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So, You Finished the Millennium Trilogy, What Next?: A Reading List


With the English-language version of The Girl With the Dragon Tattoo film due to come out in December of this year, fans of Stieg Larsson who have already seen the Swedish films and read the trilogy may be searching for more. Here is a loosely inspired reading list. For a more comprehensive list of Swedish crime writers, see this blog post on Nordic Whodunits.

"There Are Things I Want You to Know" About Stieg Larsson and Me by Eva Gabrielsson: Stieg Larsson's longtime partner discusses their shared love of science fiction, recently discovered documents, and her battles concerning his estate.

Stieg Larsson: Our Days in Stockholm: A Memoir of Friendship by Kurdo Baksi: A short biography by Larsson's friend, who worked on the magazine Expo with him. He discusses threats they received from White Supremacists and the origins of Larsson's dedication to women's issues. He mentions a female Swedish crime writer who thinks she's a better writer than Larsson, but doesn't name drop. There's a small chance that he's talking about Camilla Lackberg, an economist turned writer who found breakout success with The Ice Princess and now, with The Preacher, but my guess is someone else.

The Tattooed Girl: The Enigma of Stieg Larsson and the Secrets Behind the Most Compelling Thrillers of our Time by Dan Burstein, Arne de Keijzer, and John-Henri Holmberg.

The Informationist by Taylor Stevens: The protagonist of this author's first novel, Vanessa Michael Munroe, is unabashedly inspired by Lisbeth Salander. Stevens draws on her time spent traveling with the 60s cult the Children of God, which informs the action scenes in Equatorial Guinea.

The Snowman by Jo Nesbø: Other than Larsson, this novel has perhaps received the most press.

Inspector and Silence by Håkan Nesser: The newest Inspector Van Veeteren mystery.

Three Seconds by Anders Roslund and Börge Hellström: The Wall Street Journal declared this duo to be next to achieve the popularity of Stieg Larsson.

Karma by Nancy Deville: This American author's novel focuses on Dr. Meredith Fitzgerald, who finds herself abducted in Istanbul. Although melodramatic in parts, this novel portrays a topic that Stieg Larsson frequently reported on.

Swedish Breads and Pastries by Jan Hedh: Although Lisbeth Salander may be more partial to frozen pizza, this oversized cookbook illustrates how to make the kind of pastries that might be available at the kaffes Mikael Blomkvist visits, and maybe even a few sandwiches.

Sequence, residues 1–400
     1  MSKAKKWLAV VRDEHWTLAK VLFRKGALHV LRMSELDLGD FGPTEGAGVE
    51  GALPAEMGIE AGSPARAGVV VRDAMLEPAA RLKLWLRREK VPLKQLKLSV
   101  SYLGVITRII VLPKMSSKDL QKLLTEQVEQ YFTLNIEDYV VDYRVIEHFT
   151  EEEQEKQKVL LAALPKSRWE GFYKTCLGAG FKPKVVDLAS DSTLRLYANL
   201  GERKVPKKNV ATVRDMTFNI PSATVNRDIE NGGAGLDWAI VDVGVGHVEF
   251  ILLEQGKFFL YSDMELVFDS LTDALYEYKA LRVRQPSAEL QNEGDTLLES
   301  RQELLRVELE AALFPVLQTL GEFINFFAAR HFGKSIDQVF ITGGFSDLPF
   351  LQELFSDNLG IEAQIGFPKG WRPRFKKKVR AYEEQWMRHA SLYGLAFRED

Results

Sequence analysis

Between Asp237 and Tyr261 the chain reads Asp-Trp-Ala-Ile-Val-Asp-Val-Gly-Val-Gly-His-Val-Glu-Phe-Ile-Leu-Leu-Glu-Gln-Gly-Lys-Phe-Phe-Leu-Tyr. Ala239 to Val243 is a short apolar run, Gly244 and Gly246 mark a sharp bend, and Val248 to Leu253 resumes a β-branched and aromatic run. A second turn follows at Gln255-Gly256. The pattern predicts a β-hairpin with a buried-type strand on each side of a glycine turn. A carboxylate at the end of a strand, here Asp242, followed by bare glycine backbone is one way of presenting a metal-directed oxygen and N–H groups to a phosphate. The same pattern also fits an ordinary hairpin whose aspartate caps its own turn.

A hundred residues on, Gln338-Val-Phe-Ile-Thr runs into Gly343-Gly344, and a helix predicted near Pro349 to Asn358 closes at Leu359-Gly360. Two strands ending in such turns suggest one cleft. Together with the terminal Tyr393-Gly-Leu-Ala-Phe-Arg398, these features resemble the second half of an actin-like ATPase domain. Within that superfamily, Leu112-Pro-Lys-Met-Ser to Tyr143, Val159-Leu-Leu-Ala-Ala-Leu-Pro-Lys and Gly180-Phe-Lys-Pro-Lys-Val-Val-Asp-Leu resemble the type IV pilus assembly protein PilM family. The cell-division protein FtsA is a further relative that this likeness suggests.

The Quantum Thief by Hannu Rajaniemi: Okay, so this sci-fi novel has next-to-nothing in common with the Millennium trilogy, except that the author is from Finland and one of the characters has a butterfly tattoo on her back. That said, it's a debut novel that has received a lot of buzz for adult summer reading, and, as mentioned above, Stieg Larsson had a love of sci-fi.

The Unit by Ninni Holmqvist: Again, this is a sci-fi novel that happens to have a Swedish author, but it has a dystopian human trafficking plotline that seems like it would mesh with the causes that Steig Larsson championed. Fans of the TV series Dollhouse will recognize the spa and treatment-filled utopia that's hiding a sinister secret, presumably meant to benefit society at large.



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Please offer more of these titles in some AUDIO format.

Swedish murder mystery writes

Here's a Swedish author I discovered at the Mid Manhattan library--Asa Larsson and she's written several books which have been tanslated into English--Sun Storm, The Blood Split and a few others. Perhaps other readers would enjoy her works. Thanks Deborah

scandinavian crime

How is it possible to leave out Henning Mankell, the best of them all?

I love Henning Mankell and

I love Henning Mankell and the Wallander series, and I've heard great things about Asa Larsson. The "Nordic Whodunits" blog post I mentioned lists lots of writers. This list is meant to showcase some other titles that are in the same vein, including some American authors.

Scandinavian noir

Any list of recommendations of good Scandinavian noir should include the "Department Q" series by Jussi Adler-Olsen. The first title in that series (7 books and counting) is The Keeper of Lost Causes. Memorable characters, grim crimes leavened by a fair amount of humorous interplay between the regular characters.

You could also mention Harry

You could also mention Harry Bingham*s Fiona Griffiths crime novels. She has much in common with Lisbeth Salander

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